The FDA has granted Orphan Drug status to a synthetic cannabis flavonoid, derived from a rare strain of Jamaican ganja, that can help treat pancreatic cancer.
Most research into the medical properties of cannabis have focused on individual, well-known cannabinoids like THC and CBD. But last summer, a study published in the Frontiers in Oncology journal reported that cannflavin B — a flavonoid, not a cannabinoid — can help kill pancreatic cancer cells. This is an especially exciting development, since pancreatic cancer is one of the deadliest forms of this disease, with a bleak 8 percent survival rate.
In this study, researchers found that cannflavin B can cause cancer cells to essentially commit suicide, while also enhancing the effectiveness of standard chemotherapy and radiation therapies. Flavocure Biotech Inc, the company that funded this research, is not interested in using natural cannabis to fight cancer, however. Instead, they have used cannflavin B to help develop an anti-cancer drug known as Caflanone, or FBL-03G.
This fall, the Food and Drug Administration (FDA) granted Caflanone Orphan Drug status, allowing Flavocure to launch their next phase of trials to investigate the efficacy of this new drug. Orphan Drug status is reserved for new drugs that can treat illnesses affecting fewer than 200,000 US patients annually.
“Research continues at Harvard Medical School, an institution credited with development and collaboration of some of the world’s most successful drugs,” said Flavocure Co-Founder & Executive Vice Chairman Clark Swanson to the Medical Cannabis Network. “Investigational New Drug (IND) enabling studies are essentially complete now, and we are confident in the results and the much-anticipated clinical stage of our company’s drug development.”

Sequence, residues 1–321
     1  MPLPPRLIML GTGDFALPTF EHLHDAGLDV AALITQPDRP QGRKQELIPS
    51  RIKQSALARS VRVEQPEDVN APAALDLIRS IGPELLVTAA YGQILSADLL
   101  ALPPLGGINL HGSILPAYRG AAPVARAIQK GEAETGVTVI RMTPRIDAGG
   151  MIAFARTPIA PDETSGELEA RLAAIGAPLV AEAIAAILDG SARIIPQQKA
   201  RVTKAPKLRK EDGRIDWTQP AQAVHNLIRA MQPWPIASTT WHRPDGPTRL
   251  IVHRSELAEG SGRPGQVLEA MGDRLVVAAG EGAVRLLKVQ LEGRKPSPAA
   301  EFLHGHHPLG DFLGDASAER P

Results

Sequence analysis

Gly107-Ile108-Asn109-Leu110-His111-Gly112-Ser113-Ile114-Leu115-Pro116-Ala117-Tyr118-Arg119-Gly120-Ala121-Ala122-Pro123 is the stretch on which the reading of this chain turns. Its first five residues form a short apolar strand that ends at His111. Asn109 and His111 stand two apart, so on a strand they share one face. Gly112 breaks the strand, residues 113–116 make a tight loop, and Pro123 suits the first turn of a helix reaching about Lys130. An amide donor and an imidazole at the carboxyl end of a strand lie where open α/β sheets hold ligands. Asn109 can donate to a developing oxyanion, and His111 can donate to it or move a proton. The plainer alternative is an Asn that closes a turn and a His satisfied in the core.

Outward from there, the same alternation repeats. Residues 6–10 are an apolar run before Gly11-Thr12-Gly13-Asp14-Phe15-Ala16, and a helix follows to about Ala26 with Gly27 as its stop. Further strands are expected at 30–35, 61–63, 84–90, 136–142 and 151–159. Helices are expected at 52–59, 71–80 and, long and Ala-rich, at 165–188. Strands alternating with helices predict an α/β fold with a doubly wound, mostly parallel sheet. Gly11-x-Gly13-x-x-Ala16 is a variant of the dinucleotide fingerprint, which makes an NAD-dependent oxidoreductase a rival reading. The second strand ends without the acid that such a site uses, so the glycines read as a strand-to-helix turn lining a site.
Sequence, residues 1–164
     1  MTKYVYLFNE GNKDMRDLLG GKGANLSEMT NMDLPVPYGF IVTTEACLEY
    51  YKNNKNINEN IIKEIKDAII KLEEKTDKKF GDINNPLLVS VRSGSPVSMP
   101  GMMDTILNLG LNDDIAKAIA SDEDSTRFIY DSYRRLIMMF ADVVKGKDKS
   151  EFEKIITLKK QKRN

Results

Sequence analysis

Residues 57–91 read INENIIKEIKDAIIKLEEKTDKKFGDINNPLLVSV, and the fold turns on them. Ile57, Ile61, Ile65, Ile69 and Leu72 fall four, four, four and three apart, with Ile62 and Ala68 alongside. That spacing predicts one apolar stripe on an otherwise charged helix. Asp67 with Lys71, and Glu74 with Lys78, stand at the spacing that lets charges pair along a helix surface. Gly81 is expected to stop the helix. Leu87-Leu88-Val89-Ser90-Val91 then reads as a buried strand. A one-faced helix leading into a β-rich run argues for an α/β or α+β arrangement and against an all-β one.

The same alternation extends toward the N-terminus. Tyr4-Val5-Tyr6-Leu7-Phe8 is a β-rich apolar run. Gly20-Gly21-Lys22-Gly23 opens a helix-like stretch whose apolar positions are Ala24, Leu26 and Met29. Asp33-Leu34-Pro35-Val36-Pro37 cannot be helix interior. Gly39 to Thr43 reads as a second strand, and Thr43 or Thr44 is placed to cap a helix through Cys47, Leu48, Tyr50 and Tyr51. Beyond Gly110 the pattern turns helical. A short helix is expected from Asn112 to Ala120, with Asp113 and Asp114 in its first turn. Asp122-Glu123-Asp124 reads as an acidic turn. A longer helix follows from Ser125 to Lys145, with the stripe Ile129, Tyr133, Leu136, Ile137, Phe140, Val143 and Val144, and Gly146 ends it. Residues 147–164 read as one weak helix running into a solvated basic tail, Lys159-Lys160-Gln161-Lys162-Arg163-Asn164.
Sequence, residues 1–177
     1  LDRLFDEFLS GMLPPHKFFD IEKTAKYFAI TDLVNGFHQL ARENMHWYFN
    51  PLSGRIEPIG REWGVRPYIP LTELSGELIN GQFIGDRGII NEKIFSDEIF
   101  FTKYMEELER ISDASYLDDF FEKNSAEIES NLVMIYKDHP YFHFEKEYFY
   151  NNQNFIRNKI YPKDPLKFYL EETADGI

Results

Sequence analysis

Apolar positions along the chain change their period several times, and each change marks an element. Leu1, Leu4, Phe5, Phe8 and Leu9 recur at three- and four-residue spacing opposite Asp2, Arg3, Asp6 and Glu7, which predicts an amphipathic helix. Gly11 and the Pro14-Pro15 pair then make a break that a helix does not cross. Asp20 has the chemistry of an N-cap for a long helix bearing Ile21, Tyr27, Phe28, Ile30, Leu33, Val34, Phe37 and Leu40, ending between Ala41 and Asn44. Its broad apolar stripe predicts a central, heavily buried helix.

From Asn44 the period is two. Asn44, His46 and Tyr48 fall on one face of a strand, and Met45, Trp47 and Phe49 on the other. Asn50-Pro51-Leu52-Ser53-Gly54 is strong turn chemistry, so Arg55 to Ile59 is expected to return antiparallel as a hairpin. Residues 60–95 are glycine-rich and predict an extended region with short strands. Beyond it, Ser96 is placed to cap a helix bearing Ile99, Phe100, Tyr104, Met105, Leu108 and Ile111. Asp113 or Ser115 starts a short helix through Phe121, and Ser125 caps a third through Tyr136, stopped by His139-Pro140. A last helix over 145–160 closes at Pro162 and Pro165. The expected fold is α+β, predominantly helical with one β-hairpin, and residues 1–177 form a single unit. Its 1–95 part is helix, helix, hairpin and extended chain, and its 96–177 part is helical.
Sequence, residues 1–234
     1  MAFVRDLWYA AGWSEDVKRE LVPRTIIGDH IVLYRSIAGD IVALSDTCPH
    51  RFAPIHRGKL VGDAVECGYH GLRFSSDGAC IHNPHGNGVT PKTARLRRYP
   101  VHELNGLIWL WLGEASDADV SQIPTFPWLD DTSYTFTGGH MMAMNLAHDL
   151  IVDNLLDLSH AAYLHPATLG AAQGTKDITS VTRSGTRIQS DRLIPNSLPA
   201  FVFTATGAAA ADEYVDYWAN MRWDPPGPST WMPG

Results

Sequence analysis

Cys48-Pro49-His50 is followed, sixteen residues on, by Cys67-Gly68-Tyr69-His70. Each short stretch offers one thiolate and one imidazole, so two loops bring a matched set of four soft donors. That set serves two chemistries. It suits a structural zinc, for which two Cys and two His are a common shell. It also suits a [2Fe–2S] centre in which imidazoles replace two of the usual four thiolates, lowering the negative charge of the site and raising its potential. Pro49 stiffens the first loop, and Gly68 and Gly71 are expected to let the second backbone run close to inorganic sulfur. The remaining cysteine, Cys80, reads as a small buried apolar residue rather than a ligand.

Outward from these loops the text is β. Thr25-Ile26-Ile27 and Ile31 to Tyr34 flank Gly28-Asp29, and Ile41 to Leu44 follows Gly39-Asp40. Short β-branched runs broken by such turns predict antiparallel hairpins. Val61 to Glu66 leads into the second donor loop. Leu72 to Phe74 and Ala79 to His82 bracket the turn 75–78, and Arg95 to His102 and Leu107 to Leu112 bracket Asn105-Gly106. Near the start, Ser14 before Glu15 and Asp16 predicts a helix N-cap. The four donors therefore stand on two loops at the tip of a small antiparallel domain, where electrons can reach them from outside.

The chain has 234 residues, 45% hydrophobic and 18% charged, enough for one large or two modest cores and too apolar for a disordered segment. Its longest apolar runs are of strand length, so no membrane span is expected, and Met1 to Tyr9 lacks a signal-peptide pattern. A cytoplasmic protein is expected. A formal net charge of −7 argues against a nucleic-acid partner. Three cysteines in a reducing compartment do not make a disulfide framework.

Although the company is working to create a synthetic cannabis-derivative, the initial discovery of this cancer-fighting flavonoid came from a unique strain of Jamaican ganja. Swanson explained that Flavocure chairman Dr. Henry Lowe PhD “discovered a rare strain of cannabis endemic to Jamaica. The strain has been labeled as ‘Black Swan’ due to its high flavonoid-rich spectrum.” Naturally-grown Black Swan plants only have an average of 0.14 percent flavonoid content, however, so the company chose to recreate a synthetic version of the natural compound.
Swanson told Medical Cannabis Network that his company is now focusing on the new pancreatic cancer trials, which are set to begin later this spring. “Recruitment will begin the first quarter of 2020,” Swanson explained. “At this time, we plan to carry out a multisite study. We anticipate East and West Coast, USA. No further details are available at this time.”